How to create a custom family in Bambi?


January 14, 2023

Bambi is the project I dedicate the vast majority of my open-source development time. My goal is to make it a little better every time I push to the main branch. Lately I’ve been working to expand the class of models that Bambi supports. Until now, Bambi supported Generalized Linear Mixed Models (GLMMs). After the latest changes1 Bambi supports a wider class known as Generalized Linear Mixed Models for Location, Scale, and Shape. I also like the terminology used in brms, Distributional Models.

The new additions to the library allow us to work with more flexible custom model families in an easier way. The question is: How to create a custom family in Bambi?

🚨 You don’t have time or simply don’t want to read the whole thing? Here’s your TL;DR


import arviz as az
import bambi as bmb
import matplotlib.pyplot as plt
import numpy as np
import pandas as pd
import pymc as pm

from bambi.plots import plot_cap
from matplotlib.lines import Line2D
from scipy.special import expit

The Zero-Inflated Poisson distribution

I’m going to use the Zero-Inflated Poisson distribution to demonstrate how to add a custom family in Bambi. This distribution applies to random variables that show an excess of zeros when describing the number of events that occur in a certain space or time period.

Quoting Wikipedia 2 “The zero-inflated Poisson (ZIP) model mixes two zero generating processes. The first process generates zeros. The second process is governed by a Poisson distribution that generates counts, some of which may be zero”. The result is a mixture distribution that can be described as follows:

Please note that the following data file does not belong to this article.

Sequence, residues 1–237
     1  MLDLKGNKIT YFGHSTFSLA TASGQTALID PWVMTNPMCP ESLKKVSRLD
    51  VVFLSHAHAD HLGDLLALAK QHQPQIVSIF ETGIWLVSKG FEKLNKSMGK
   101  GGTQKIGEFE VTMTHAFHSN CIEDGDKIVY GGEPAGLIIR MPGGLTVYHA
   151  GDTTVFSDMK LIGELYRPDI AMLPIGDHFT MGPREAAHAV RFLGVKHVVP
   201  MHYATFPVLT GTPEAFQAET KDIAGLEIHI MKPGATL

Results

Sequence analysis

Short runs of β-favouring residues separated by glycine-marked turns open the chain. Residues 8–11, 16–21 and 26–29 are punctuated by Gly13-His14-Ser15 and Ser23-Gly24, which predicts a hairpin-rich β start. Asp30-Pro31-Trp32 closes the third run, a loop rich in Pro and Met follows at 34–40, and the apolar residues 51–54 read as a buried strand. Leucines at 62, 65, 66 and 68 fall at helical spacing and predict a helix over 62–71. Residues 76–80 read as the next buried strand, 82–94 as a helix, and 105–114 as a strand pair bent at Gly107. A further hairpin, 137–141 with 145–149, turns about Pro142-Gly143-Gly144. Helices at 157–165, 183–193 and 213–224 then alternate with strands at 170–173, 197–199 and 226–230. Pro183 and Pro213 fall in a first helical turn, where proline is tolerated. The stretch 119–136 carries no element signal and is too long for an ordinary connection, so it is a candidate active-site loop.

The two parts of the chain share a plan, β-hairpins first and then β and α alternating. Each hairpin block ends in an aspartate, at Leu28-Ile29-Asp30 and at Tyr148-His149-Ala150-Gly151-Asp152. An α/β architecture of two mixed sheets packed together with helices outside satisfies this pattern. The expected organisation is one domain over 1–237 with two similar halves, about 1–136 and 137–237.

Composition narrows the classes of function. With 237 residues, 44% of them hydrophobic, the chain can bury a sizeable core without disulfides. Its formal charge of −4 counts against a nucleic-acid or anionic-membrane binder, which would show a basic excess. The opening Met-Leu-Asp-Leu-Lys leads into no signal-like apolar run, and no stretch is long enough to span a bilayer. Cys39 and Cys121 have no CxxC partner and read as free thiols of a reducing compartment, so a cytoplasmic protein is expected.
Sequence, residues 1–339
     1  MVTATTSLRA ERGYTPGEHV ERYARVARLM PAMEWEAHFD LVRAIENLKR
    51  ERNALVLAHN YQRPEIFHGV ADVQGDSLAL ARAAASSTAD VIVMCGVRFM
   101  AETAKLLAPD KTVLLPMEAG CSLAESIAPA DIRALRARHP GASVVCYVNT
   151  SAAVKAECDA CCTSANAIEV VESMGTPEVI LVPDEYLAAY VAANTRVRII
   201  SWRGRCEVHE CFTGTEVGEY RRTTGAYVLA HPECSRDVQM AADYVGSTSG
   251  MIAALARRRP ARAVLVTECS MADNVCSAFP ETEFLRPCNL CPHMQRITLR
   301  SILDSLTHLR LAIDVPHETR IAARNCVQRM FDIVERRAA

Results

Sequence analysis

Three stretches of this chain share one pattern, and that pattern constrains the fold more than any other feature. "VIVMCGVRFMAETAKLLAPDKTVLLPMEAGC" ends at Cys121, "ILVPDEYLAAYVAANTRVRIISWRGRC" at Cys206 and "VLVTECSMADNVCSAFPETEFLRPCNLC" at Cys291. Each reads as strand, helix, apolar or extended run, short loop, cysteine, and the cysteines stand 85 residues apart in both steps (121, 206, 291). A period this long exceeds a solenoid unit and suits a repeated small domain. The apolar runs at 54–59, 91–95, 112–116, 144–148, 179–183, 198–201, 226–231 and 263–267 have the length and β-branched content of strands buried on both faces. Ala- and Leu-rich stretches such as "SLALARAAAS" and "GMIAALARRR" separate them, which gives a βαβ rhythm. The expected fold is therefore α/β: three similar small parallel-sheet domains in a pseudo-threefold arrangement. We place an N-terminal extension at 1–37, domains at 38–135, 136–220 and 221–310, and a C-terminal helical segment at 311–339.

\[ \begin{array}{ll} P(Y = 0) = (1 - \psi) + \psi e^{-\mu} \\ P(Y = y_i) = \displaystyle \psi \frac{e^{-\mu}\mu^y_i}{y_i!} & \text{with } y_i=1,2,3,\ldots \end{array} \]


  • \(y_i\) is the outcome, \(y_i \in \mathbb{Z}^+\)
  • \(\mu\) is the mean of the Poisson process, \(\mu \ge 0\)
  • \(\psi\) is the probability of the Poisson process, \(0 < \psi < 1\)

The mean is \(\psi\mu\) and the variance is \(\displaystyle \mu + \frac{1-\psi}{\psi}\mu^2\).

The ZIP Regression model

We have a response variable \(Y\), which represents the number of events that occur in a certain space or time period, and \(p\) predictors \(X_1, \cdots, X_p\). In the most general formulation of the model we consider, a function of the parameters in the response distribution is given by a linear combination of the predictors.

\[ \begin{aligned} Y_i &\sim \text{ZIPoisson}(\mu_i, \psi_i) \\ g(\mu_i) &= \beta_0 + \beta_1 X_{1i} + ... + \beta_p X_{pi}\\ h(\psi_i) &= \alpha_0 + \alpha_1 X_{1i} + ... + \alpha_p X_{pi} \end{aligned} \]

  • \(g\) is the link function for the \(\mu\) parameter
  • \(h\) is the link function for the \(\psi\) parameter

It’s possible to see this model written as